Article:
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Medieval and Early Modern Greek Manuscripts : Gospel lectionary

Medieval and Early Modern Greek Manuscripts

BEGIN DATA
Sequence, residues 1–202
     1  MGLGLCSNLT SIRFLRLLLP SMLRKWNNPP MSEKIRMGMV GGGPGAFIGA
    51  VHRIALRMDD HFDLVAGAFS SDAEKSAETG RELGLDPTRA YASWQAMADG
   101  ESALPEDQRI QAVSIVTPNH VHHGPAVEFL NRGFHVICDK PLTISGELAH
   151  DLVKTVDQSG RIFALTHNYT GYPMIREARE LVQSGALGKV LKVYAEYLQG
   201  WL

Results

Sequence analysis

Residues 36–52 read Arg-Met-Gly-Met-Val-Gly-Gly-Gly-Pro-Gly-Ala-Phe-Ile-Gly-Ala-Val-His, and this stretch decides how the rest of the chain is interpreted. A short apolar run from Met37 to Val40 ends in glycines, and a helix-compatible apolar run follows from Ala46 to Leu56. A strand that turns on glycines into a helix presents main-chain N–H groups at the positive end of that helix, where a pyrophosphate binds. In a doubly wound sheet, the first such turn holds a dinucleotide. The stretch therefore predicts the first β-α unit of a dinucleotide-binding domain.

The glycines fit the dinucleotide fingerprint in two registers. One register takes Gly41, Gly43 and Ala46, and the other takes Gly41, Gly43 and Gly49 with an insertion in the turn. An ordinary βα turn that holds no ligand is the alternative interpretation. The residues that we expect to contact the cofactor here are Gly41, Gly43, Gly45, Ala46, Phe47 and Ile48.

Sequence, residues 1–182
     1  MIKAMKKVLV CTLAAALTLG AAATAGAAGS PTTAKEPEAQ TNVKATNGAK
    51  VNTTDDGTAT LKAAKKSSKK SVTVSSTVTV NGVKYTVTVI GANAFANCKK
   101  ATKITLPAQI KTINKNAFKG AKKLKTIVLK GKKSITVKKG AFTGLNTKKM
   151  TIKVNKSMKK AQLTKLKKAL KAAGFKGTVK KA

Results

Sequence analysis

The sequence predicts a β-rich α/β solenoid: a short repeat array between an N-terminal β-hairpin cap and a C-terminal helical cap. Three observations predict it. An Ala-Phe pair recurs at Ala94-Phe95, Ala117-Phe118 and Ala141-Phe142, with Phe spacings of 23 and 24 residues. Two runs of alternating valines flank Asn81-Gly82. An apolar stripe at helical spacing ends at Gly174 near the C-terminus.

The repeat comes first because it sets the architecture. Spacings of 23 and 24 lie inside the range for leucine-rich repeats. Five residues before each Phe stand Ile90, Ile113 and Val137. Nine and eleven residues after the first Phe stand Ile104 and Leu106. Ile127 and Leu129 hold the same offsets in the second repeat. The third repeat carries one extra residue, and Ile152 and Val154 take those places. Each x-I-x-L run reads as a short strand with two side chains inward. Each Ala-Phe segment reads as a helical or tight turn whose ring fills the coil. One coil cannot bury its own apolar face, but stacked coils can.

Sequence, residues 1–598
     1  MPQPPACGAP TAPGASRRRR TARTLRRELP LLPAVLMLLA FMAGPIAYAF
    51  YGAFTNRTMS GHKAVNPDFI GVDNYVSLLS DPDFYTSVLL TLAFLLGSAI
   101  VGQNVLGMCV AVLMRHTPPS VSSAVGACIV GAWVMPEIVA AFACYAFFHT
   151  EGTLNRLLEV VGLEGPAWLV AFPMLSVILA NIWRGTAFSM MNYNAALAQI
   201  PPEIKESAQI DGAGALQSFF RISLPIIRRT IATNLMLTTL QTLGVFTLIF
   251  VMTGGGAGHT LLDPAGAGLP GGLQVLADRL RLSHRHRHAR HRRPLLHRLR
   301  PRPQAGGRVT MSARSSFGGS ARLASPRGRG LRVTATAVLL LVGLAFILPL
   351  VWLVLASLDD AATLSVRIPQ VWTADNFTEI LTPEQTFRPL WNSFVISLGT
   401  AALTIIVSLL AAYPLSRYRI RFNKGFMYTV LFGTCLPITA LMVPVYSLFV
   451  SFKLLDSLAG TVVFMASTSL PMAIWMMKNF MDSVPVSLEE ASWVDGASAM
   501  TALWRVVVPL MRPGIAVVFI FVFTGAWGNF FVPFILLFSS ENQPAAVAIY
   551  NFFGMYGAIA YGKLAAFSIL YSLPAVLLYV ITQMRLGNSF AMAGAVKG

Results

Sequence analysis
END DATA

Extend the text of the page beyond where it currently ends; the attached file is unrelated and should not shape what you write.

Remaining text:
<p style='text-align: justify;'>This <i>Gospel lectionary</i> manuscript, probably copied in the 11th century, belongs to the briefer of the two main types, the "Saturday-Sunday" lectionary, giving the lections for Saturdays and Sundays only, except for Holy Week and the period from Easter to Pentecost, for which weekdays are also included.</p><p style='text-align: justify;'>The manuscript has suffered heavily over the course of its existence, and been extensively reshaped by damage, repair and reconstruction. There is good reason to think that this process began early in its history. While the vast majority of it was written by a single scribe on the same sort of parchment, ruled in a consistent pattern and decorated in a single style, there is a sequence of eight folios where the copyist's hand, material, ruling pattern and ornament are all different (<a href='' onclick='store.loadPage(25);return false;'>ff. 10r-17v</a>). One may reasonably suppose that these always formed a quire, though clear evidence is lacking. In any case, it seems clear that they were introduced to replace leaves that had been lost or severely damaged. The style of script, however, suggests a date not long after the original production of the manuscript, although a degree of caution must be exercised, given the possibility that these folios were copied in a deliberately archaic style so as to harmonise with the rest of the manuscript. Later in the volume is a sequence of three more replacement folios, written on paper by a very different hand. This replacement was probably made in the later 14th century, given the affinities of the script and watermark, although the latter is of an unusual type to which close parallels have not been identified (<a href='' onclick='store.loadPage(189);return false;'>ff. 92r-94v</a>).</p><p style='text-align: justify;'>In the former case, there may originally have been a longer stretch of replacement material, since the folios directly either side of this portion are missing; in the latter, they fill the whole of the lacuna into which they were inserted. Overall, these replacements account for only a small proportion of the total losses, which include the whole of the last few months of the <i>menologion</i> (lection sequence for the fixed calendar, starting from September), and many parts of the preceding <i>synaxarion</i> (lection sequence for the movable calendar, starting from Easter), scattered through the volume. The two larger ornamental headpieces belonging to the surviving folios and three of the smaller ones have been deliberately cut out.</p><p style='text-align: justify;'>Many of these losses probably occurred in the late 19th or early 20th century, as the manuscript's donor, W.H.D. Rouse, recorded in a note on <a href='' onclick='store.loadPage(3);return false;'>f. [i] recto</a> that when he bought the manuscript on Kos in 1906, its folios were being indvidually sold off for use as charms. While being used for this purpose it was obviously unbound, and the leaves sold were clearly selected haphazardly, presumably accounting for the fragmented survival of the early part of the manuscript. Rouse had the remaining folios bound, but they were not organised with sufficient care, as the current <a href='' onclick='store.loadPage(7);return false;'>ff. 1-19</a> are in entirely the wrong order.</p><p style='text-align: justify;'>Dr Christopher Wright</p>

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